By Eugene Davis
President Nana Akufo-Addo says he is upbeat about the country’s chances of securing the much-awaited bailout from the International Monetary Fund (IMF) by end of the month.
However, he minced no words when he added that a deal with the Fund will not restore the country’s fortunes overnight but rather set it on the road to recovery.
Delivering the State of the Nation Address in Parliament yesterday, the President said: “We look forward to their fast-tracking the needed financing assurances for IMF approval. We are confident that, with their co-operation, we will reach our March deadline for going to the Fund.”
He added that “concluding the arrangements with the Fund will not restore our fortunes overnight, but it will set us on the road to recovery. With fiscal discipline, we will regain the trust and confidence of our business partners and the investor community, which will give us space to continue our productive plans and policies.”
The West African nation is striving to obtain executive board approval for a $3 billion bailout.
According to the president, he remains resolute in his vision to restore macroeconomic stability and promote inclusive growth.
He also indicated that government is making progress on the external debt negotiations since it announced an external debt service suspension on 19th December 2022 for certain categories of external debt to ensure an orderly restructuring.
“This suspension is an interim emergency measure toward a comprehensive external debt operation which will contribute to the restoration of our debt sustainability in line with our request for a debt treatment under the G20 Common Framework. I want to express our appreciation to the members of the Paris Club and to the Peoples’ Republic of China for the co-operation they have so far exhibited to us in attempting to reach an agreement, and in their attempt to establish an Official Credit Committee.
However, in addition to our engagement with the Fund, we are also seeking and implementing some original and innovative ideas to try to solve our problems. For example, the Gold Purchase Programme by the Bank of Ghana and the Gold for Oil Policy are creative use of our resources, which are already bearing fruit.
These policies are aimed at achieving two results that are critical to the health of our economy. Firstly, they will help us preserve foreign exchange, especially the US dollar, and secondly, they will enable us to stabilise the price of oil products such as petrol and diesel on the domestic market. We have already seen some success on both fronts with the price of US dollars and petroleum products falling since we announced the policy and began to implement it.”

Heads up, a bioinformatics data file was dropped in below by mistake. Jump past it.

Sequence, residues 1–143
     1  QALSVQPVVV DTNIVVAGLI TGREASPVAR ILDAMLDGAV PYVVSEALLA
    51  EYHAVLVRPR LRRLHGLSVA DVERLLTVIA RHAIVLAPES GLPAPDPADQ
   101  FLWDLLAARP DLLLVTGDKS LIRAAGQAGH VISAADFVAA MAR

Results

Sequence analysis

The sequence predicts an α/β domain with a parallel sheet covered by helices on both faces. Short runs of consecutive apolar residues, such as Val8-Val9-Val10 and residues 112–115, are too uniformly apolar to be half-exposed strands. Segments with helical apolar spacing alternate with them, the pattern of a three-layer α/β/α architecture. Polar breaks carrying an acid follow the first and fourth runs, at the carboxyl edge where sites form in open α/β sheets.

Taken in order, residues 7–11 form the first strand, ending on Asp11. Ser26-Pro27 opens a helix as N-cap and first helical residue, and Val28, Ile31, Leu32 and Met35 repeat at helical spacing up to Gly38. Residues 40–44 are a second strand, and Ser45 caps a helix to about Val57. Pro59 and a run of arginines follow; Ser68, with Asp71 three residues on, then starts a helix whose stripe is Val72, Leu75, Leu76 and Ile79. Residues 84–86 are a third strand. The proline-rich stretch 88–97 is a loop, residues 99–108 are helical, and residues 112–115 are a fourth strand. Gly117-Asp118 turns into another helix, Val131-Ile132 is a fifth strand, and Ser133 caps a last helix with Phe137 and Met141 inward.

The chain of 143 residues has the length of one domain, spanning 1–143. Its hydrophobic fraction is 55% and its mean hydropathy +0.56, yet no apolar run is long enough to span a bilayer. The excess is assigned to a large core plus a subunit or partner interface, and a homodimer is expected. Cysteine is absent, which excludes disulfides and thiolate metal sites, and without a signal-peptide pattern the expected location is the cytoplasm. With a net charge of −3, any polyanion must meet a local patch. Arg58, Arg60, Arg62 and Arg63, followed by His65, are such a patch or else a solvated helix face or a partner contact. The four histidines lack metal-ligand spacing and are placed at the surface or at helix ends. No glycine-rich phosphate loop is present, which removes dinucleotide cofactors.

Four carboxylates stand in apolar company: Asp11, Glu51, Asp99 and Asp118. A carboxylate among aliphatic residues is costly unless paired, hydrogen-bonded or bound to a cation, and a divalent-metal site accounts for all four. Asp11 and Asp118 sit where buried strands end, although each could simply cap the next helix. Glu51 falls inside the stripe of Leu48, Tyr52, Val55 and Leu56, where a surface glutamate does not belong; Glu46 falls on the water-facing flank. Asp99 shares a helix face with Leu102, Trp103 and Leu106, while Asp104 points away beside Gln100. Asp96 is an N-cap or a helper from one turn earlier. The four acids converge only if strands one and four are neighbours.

The average price of petrol at the pump, which had risen to twenty (20) cedis a litre, in the middle of December 2022, is now thirteen cedis and eighty pesewas (GH¢13.80) a litre. The price of diesel had risen to more than twenty-three cedis and seventy pesewas (GH¢23.70) a litre and is now selling on the average at thirteen cedis and eighty pesewas (GH¢13.80) a litre, which is a reduction of almost ten cedis a litre.
We expect this trend of falling fuel prices to reflect soon in our daily lives, since transport fares affect the price of everything. I hope the trend of prices going up and coming down become a regular feature of our retail economy as is being demonstrated in the fuel prices. Because, as we all know, prices, especially of petroleum products, used only to go up in our country.”
Despair and Disenchantment, minority says
Minority Leader, Dr. Cassiel Ato Forson, stated that the president’s scorecard has not been impressive given the economic downturn.
Reacting to the president’s statement he said “Mr. President, there is indeed a widespread of despair and disenchantment amongst our people. Millions of Ghanaians are going through unbearable hardships and excruciating pains. Our economy is in its worse shape in decades.
Ghana’s economy is bankrupt and we have officially defaulted in repaying our debts since January 2022, yet your government is failing to cut down on the size of government and public expenditure. Ghana is witnessing hyper inflation because your government allowed the Bank of Ghana to print Ghc50bn for 2022 and another Ghc4bn in the year 2023 first quarter,” he stated.